Size is no object for Illinois' Dana Gattone


Courtesy of Illinois DIA

Illini women’s golfer Dana Gattone tracks a putt. Gattone stands at 4 foot 10 inches and came to Illinois from Saint Viator High School.

By Ryan Wilson

After Dana Gattone finished the 18th hole of the Illinois High School Association state championship, Saint Viator High School head coach Mick Drewes walked over to her with a University of Illinois hat, and he asked for an autograph.

Gattone started crying. Her golf career at Saint Viator, a Catholic school in Arlington Heights, Illinois, had come to a close. And she was about to enter the next chapter of her life: she was headed to play Division I golf.

Despite reaching the high school state finals three times, not many colleges expressed interest in Gattone. Because she is exactly 4 feet 10 and one-fourth inches tall and could not hit the ball as far as some of her taller competitors.SO

So some coaches did not think she would succeed at the collegiate level. In fact, she traveled to the East Coast from her Addison, Illinois, home to have one coach from a team that was ranked around 160th in the nation tell her she was not good enough.

But looking back, those coaches who doubted Gattone may want to reconsider.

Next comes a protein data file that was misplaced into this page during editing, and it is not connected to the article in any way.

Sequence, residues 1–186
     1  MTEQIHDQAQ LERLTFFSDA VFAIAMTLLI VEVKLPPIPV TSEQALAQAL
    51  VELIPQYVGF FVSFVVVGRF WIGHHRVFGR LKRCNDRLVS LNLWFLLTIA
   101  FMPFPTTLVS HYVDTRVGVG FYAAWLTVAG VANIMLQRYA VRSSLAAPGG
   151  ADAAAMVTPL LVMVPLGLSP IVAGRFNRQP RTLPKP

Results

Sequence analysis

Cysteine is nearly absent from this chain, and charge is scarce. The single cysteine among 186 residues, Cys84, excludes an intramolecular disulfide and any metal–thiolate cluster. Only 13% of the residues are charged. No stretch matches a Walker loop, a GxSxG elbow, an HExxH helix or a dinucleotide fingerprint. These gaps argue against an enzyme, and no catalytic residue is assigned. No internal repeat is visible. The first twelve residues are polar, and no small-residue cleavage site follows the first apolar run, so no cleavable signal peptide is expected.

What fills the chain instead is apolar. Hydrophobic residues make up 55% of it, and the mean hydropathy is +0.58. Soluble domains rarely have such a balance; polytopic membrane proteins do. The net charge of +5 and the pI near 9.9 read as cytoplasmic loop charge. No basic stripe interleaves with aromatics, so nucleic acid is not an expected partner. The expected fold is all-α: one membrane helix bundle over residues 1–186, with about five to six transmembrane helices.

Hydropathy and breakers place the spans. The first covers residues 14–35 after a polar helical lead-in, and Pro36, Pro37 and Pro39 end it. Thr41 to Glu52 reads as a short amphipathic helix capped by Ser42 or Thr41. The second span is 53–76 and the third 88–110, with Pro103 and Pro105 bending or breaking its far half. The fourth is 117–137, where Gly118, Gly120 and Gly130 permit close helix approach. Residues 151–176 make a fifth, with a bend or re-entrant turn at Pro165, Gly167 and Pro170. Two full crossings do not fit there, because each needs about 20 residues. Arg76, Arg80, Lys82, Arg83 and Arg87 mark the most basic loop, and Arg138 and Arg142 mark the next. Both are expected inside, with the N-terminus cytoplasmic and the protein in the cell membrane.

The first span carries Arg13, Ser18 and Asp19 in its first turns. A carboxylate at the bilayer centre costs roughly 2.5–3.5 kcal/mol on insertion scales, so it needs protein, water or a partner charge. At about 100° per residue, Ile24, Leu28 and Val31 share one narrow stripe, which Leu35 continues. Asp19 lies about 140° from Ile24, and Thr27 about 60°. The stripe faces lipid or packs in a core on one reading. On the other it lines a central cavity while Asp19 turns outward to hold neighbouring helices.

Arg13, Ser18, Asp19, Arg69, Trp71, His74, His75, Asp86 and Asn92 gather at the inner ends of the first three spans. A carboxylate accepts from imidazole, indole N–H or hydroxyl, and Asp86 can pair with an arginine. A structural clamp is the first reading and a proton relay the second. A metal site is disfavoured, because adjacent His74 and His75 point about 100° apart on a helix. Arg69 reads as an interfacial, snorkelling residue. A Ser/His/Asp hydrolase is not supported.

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“(Being doubted by coaches) never bothered me,” Gattone said. “It actually gave me motivation.”


Golf was not always Gattone’s main sport.

Before joining Saint Viator’s golf team her freshman year, she was, for nine years, a gymnast, which required a tremendous amount of upper-body strength and balance. SOShe also tried softball, ice skating, hockey and basketball.SO

But she wanted to compete in a sport that she could play for the majority of her life.

So, in the summer of her eighth grade year, she made the tough decision to leave her teammates on the gymnastics team and pursue golf.

Would she miss gymnastics? No, she’d just miss her six-pack abs.

She attended a golf open house for prospective golfers at Saint Viator. Drewes heard about Gattone from her brothers, Rick and Joe, who were members of the Lions men’s golf team.

“When she walked away, I thought, ‘Oh my god, that kid looks like she’s 10 years old.’ She was so little,” Drewes said.

Drewes, like some NCAA coaches, was a bit skeptical about Gattone’s talent. But a year later, at the Saint Viator women’s golf tryouts, he was in for a surprise.

On one hole, Gattone drove one shot left into some trees. Along with her mom, Sue, Gattone went searching for her ball.

Drewes spotted the pair in the woods and told Gattone he liked her chances of parring the hole.

She drove the ball out of the woods and, just as Drewes predicted, parred the hole.

That was only the beginning. Gattone kept getting stronger and better, thanks to what Drewes called an “unbelievable” work ethic and the upper-body strength she retained from her multi-sport experiences.

She may have needed clubs with a shorter shaft to accommodate her size, but most observers couldn’t tell.

“For such a tiny person, she packs a punch.” Susan McNamara, an assistant in the Saint Viator High School’s athletic department, said.

In one drill at practice, Drewes put five balls in a circle around the hole to improve players’ putting. He joked with Gattone about her making 25 putts in a row. But she took it seriously. She did just that and then asked, “What else?”